The country's largest life insurer, the state-owned Life Insurance Corporation of India, can now proceed with its proposed INR1.5 trillion (US$23.3 billion) funding of Indian Railways.
This follows a Finance Ministry clarification effectively nullifying the sector regulator's concerns and demand for sovereign guarantee for the investment, reported The Economic Times.
LIC had signed a memorandum of understanding two years ago to invest in bonds issued by the Indian Railway Finance Corporation (IRFC). But as this would take LIC's exposure to more than 25% of IRFC's net worth — it has to keep the investment within that limit in any company involved in infrastructure, debt and equity included —the insurance regulator demanded an explicit government guarantee for the bonds and a gazette notification classifying the bonds as special securities.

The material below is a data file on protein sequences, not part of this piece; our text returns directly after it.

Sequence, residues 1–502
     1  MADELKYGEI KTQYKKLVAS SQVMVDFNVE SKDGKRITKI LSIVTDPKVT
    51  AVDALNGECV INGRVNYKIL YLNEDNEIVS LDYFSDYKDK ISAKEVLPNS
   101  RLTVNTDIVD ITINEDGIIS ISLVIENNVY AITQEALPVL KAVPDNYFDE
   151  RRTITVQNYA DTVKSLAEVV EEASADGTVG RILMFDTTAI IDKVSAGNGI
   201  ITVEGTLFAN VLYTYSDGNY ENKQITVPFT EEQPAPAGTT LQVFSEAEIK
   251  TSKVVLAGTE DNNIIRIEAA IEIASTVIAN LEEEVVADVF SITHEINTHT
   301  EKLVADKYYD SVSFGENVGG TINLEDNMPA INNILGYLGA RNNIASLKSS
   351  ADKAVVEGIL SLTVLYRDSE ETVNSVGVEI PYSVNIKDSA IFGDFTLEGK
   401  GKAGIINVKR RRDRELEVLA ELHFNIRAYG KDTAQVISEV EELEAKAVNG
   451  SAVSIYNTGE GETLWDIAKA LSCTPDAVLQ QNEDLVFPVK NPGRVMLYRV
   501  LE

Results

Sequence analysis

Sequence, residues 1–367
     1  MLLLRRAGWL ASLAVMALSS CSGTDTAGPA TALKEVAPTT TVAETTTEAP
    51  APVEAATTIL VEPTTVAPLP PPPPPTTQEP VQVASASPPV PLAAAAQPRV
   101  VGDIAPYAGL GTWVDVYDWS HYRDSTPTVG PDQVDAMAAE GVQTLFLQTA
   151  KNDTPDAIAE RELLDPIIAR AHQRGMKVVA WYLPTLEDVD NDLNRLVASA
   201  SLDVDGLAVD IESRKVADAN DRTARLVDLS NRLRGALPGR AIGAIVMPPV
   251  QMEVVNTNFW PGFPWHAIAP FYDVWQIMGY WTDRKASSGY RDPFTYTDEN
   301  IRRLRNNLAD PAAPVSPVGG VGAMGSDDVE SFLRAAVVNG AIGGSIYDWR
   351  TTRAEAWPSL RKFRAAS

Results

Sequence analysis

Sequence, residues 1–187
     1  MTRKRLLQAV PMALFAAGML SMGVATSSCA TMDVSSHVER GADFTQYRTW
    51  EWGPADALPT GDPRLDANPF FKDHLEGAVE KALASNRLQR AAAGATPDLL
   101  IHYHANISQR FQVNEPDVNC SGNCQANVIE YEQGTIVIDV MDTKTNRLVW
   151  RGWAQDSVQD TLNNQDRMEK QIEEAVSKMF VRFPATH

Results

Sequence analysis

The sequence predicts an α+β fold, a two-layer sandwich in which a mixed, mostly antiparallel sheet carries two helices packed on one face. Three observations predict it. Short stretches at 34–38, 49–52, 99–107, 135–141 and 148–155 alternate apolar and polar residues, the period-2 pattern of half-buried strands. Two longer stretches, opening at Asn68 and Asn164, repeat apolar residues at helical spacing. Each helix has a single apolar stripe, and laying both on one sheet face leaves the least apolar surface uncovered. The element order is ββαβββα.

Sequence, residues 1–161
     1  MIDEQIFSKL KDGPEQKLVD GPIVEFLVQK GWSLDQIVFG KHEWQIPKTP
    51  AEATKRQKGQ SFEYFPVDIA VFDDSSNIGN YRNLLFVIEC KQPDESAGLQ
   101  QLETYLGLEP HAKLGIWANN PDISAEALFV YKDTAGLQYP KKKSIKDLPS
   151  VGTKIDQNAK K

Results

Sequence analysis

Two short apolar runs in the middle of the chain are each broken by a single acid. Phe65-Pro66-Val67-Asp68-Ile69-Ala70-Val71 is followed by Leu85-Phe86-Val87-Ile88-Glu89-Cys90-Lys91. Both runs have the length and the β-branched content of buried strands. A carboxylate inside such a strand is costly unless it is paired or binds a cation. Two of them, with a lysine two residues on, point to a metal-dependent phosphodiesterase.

On 23 November, however, the Finance Ministry issued an order, clarifying that the IRFC bonds can be treated as approved security for investment above the exposure limits. It did not offer any government guarantee on the bonds, but said the bonds were covered by the Insurance Act under which repayment is charged on the revenue of the Railway Ministry. The Railway Ministry's revenue, in turn, is backed by budgetary allocations. The charge on the central government revenue is more than a government guarantee, as it amounts to an express intention of the government to pay the obligation, the Finance Ministry said.
The clarification was issued after the railways, IRDAI, LIC and the Finance Ministry discussed whether the proposed investment in the railways could be classified under the approved investment category with higher limits, without any explicit government guarantee.
Having LIC invest in the bonds would reduce the cost of borrowing for the railway corporation, at a time when the national transporter is working on ambitious projects including electrifying the entire network over the next few years.